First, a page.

Review – Hekz – Terra Nova

HeKz is a progressive rock band that stands at the crossroads of heavy metal legends and the luminaries of the prog rock genre.

Their journey began with their debut album, ‘Tabula Rasa’, which laid a strong foundation for their distinctive sound. Building on this, their sophomore effort, ‘Caerus’, saw the band ambitiously fusing the contrasting elements of their musical identity. This effort culminated in their third album, ‘Invicta’, where HeKz masterfully blended their influences to create a more homogenised sound that showcased the best of their past while venturing into new and exciting territory.

HeKz’s fourth album, ‘Terra Nova’, promises to be their most ambitious project yet. The band’s lineup consists of lead singer and bassist Matt Young, guitar virtuoso Mark Bogert (known for his work with Knight Area and Magoria), the enchanting Irina Markevich on violin, the rhythmic powerhouse Moyano el Buffalo (formerly of 5th Avenue Hamburg) on drums, and a special guest appearance by keyboard maestro Adam Holzman (noted for collaborations with Miles Davis and Steven Wilson).

‘Terra Nova’ is a concept piece that weaves a tale of ambition, duality, and the relentless fight to conquer the darkest parts of one’s personality to become the person you were born to be.

So that’s the background out of the way, now let’s see what this new album is actually like…

Well, everything starts off with an almighty bang as album opener, and title track, Terra Nova hoves into view like a wild stallion on the rampage. Adrenaline fuelled musical mayhem with glorious vocal melodies and a riff hewn out of granite, if the rest of the album is anything like this then we are in for an incredible treat! It’s like the best hard rock and metal from the late 70’s and early 80’s blended with some progressive nuances to deliver something jet propelled and gob smacking. Matt’s super-funky bass and Moyano’s thunderous drums are the foundation for Mark’s fluid guitar and the subtle interjections of Irina’s violin are really clever. That focused energy flows straight into the monumental Sabotage which takes on a more glam metal feel with its truncated riffs and drum beat. Adam delivers some stellar Hammond organ-esque keys and Matt’s gloriously bombastic vocal is reminiscent of Justin Hawkins at his best. There’s an inctricate instrumental section in the middle which is pure prog and then Irina’s soaring violin takes us on a completely different tack, if only for a brief second before the afterburners are lit and off we go again with a blazing guitar solo from Mark, bloody hell, can I please catch my breath guys! A passionate guitar opens Horizons before things calm down a little (not much though!) and we are treated to a superb hard rock composition that really reminds me of that era of hair metal and glam rock, think Poison, Whitesnake, Bon Jovi and the like, only done with more panache and vivacity! Irina’s violin makes another welcome appearance but this song is just pure rock and roll and will put a huge grin on your face, check out Mark’s ever so 80’s solo and you will know exactly what I mean, it’s all just brilliantly over the top!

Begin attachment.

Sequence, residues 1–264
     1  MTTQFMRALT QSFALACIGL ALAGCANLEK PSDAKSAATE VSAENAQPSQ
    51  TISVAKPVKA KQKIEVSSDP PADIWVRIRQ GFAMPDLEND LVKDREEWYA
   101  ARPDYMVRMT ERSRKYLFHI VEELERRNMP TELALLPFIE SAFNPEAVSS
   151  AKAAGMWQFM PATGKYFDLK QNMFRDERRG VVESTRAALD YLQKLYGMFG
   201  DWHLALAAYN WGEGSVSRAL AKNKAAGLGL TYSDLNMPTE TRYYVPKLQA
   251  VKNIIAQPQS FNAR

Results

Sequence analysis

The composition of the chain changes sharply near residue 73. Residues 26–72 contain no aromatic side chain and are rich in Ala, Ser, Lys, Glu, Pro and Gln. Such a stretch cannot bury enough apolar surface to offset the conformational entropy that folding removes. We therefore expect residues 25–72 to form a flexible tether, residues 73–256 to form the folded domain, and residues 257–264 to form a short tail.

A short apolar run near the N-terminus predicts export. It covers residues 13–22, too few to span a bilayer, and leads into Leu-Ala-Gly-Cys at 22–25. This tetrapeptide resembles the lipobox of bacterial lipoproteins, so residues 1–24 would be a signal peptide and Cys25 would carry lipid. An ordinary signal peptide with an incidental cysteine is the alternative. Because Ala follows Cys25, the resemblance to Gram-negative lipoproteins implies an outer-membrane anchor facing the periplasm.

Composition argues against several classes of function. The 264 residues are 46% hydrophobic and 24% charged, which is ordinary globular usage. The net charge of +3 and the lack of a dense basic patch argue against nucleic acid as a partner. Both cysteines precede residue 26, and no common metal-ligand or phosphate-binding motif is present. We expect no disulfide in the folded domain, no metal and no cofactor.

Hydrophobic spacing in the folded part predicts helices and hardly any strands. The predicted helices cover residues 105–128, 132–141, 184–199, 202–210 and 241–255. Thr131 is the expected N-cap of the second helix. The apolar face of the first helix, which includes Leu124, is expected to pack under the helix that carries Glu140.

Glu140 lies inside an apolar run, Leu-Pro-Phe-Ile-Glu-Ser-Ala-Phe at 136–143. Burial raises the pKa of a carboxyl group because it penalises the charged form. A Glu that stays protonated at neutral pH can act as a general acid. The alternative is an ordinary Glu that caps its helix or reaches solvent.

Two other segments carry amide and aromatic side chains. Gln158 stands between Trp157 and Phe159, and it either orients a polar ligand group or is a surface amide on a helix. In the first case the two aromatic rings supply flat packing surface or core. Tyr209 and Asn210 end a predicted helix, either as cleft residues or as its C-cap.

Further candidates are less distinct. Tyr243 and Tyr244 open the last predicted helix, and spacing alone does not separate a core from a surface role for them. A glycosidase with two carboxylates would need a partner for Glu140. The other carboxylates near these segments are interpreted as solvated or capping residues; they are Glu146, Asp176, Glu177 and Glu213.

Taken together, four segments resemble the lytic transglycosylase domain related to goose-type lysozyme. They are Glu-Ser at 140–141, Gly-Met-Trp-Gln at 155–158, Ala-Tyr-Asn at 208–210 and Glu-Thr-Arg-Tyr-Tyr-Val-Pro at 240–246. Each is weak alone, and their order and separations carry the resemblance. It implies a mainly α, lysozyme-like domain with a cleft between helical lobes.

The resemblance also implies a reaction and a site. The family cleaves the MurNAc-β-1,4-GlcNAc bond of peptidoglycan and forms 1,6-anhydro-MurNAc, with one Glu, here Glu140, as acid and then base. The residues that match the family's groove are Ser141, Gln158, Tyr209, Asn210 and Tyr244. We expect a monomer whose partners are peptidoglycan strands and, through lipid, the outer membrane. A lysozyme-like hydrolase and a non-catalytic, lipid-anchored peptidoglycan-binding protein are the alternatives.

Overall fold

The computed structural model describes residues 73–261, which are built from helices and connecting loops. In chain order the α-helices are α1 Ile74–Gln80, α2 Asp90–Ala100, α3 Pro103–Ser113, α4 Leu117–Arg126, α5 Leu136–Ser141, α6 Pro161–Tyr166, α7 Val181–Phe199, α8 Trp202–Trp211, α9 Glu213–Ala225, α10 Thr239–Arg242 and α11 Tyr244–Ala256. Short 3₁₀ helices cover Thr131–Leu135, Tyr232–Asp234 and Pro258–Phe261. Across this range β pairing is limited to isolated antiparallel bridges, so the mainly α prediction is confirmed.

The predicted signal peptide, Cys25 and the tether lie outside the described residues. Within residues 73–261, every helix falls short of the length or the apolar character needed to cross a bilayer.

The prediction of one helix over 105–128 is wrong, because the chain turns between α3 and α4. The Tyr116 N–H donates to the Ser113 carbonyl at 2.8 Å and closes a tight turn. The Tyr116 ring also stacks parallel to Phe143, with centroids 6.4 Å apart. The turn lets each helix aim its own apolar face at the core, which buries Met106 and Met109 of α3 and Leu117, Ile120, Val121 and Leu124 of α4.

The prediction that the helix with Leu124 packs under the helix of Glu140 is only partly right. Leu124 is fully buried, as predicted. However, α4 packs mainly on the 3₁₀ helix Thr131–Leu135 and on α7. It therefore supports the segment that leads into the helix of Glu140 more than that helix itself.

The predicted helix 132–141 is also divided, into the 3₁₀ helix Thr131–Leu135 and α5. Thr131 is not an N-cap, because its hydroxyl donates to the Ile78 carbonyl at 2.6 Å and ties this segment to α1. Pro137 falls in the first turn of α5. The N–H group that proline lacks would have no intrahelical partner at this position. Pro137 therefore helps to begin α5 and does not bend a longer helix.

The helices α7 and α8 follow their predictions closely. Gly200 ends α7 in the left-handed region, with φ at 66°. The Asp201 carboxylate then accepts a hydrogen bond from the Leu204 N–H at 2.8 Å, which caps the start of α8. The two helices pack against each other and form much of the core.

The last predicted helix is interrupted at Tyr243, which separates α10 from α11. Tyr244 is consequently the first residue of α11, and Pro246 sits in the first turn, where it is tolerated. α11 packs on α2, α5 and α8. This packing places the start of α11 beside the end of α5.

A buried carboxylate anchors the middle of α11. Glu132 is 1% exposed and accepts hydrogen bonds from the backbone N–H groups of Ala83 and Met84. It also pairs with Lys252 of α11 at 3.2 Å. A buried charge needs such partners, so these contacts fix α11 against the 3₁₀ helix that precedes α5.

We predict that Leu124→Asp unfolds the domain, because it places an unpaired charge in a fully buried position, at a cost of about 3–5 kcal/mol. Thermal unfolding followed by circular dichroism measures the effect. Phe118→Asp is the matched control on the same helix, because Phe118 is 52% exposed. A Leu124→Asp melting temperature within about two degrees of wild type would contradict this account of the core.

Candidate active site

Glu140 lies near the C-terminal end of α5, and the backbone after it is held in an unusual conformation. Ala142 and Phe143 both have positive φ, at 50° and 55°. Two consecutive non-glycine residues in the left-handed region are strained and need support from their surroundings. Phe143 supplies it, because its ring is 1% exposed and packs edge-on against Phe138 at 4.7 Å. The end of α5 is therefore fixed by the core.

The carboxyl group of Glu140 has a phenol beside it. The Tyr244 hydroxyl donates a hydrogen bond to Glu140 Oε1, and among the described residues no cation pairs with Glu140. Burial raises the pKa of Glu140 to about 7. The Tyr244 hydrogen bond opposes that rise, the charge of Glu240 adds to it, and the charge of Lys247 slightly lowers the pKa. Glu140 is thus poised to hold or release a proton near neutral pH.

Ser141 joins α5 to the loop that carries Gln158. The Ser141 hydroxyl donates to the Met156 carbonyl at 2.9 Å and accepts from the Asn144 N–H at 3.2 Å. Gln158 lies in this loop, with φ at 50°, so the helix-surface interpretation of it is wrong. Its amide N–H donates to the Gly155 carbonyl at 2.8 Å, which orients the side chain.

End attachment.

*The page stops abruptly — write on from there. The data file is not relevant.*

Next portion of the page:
Matt’s funky, dirty bass opens the rocking rollercoaster ride that is Mayday, a thunderous thrill ride of perfect progressive metal where Mark’s guitar has that low down and dirt edge to it and Moyano’s drums have gone all primeval. Add in some funky keys from Adam and another shot of Irina’s amazing violin and you get something unique and totally captivating and entertaining. Welcome to the most addictive music you will hear this year, I just can’t get enough! Finally things do calm down with the wondrous haunting ballad So Far Gone, you can tell this is an amazing track as I immediately pressed repeat after the first time I heard it. Adam’s graceful piano combines with Irina’s ethereal violin to deliver music that will touch your soul and Matt gives a subdued but ever so passionate vocal performance, especially on the ever so impressive chorus. Mark enters the fray with an elegant guitar, the drums are perfectly judged so as not to intrude and Adam’s keyboard solo is bewitching, it’s all just magical!

The engrossing ten minutes of The Tower are the first time that we see the progressive being more than the rock on this amazing album. Almost musical theatre in places, especially Matt’s ardent, eloquent vocal, this song is a slow burning masterpiece that pulls you in before unleashing its inner darkness, check out that dark and dirty riff! A mesmerisingly convoluted section follows where everything seems to have gone completely mad, like you’re suffering from musical psychosis. It’s like something from Dream Theater’s heaviest album ‘Train of Thought’ and I bloody love it. Like a dystopian horror story, it ebbs and flows between the darkness and the light and you can barely keep up with the labyrinthine plot, this is music that tells a story, okay, in this case a very disturbing one but it is utterly magnificent, bombastic and completely over the top! A song to calm the nerves after that sinister thrill ride, Lifeline opens with subdued feel engendered by Matt’s vocal before it opens up into something more passionate and dramatic, this song could have come from an early Queen album with Matt’s towering vocals and a soaring guitar solo that Brian May would be very proud of. Add in Irina’s beseeching violin and it’s a very compelling way to close out Disc One of the album.